In order to increase its flexibility, the IRES-C has been developed following a “modular architecture”, with different possible features, depending on the application and on the requested performance.
The modularity has been realized by developing different “optical heads”, which shall be selected at the time of the IRES-C integration in order to customize the unit for GEO or LEO missions. Thus the optical head is the only part that changes, while the same IR detectors and detector assembly, the same mechanical housing and the basic concepts of functioning are maintained both in the GEO and the LEO configurations.
The system architecture is divided into the following main blocks:
- IR Detection
- Scanning mechanism
- Electronic package
In case of analog configuration the Electronic package consists basically of a Mainboard, composed of three sections: Power Supply, Analog Channels, Timing Generator.
In case of digital configuration the Electronic package consists basically of a Mainboard (composed of two sections: Power Supply, Analog Channels) and a Logic section to manage the Pitch/Roll estimation.
The mechanical hardware consists of the optical head and the relevant processing electronics, both contained in the same main housing (coated by Alodyne).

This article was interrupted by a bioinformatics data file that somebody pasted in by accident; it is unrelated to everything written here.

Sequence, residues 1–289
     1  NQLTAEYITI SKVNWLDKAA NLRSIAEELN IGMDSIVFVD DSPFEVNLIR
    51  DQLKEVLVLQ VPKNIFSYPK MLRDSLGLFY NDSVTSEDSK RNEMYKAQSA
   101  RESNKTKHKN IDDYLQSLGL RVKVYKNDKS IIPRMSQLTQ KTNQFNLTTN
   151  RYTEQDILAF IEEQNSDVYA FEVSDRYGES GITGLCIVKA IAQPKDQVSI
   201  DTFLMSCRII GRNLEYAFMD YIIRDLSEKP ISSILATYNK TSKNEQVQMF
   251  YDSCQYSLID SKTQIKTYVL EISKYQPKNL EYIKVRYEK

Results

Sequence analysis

The project is divided into two phases: Phase 1 and Phase 2
- Requirement review
- Preliminary design
- Detailed design
- EM Manufacture
- EM Test
- Final Review
Objective of Phase 1 is to define the requirements and analyze the architecture of a low cost, low accuracy Earth Sensor meeting the constraints given by two different types of missions: LEO and GEO.
Objective of Phase 2 is the manufacturing and verification by test of an EM Engineering Model of a low cost, coarse Earth suitable for use in GEO TLC as stand-alone or as temporary back-up for more accurate attitude sensors (like star trackers).
In parallel a characterization of the IR detectors has been carried out.
The key scheduled milestones have been completed:
- Negotiation Meeting: September 30th 2008
- PDR: May 19th 2009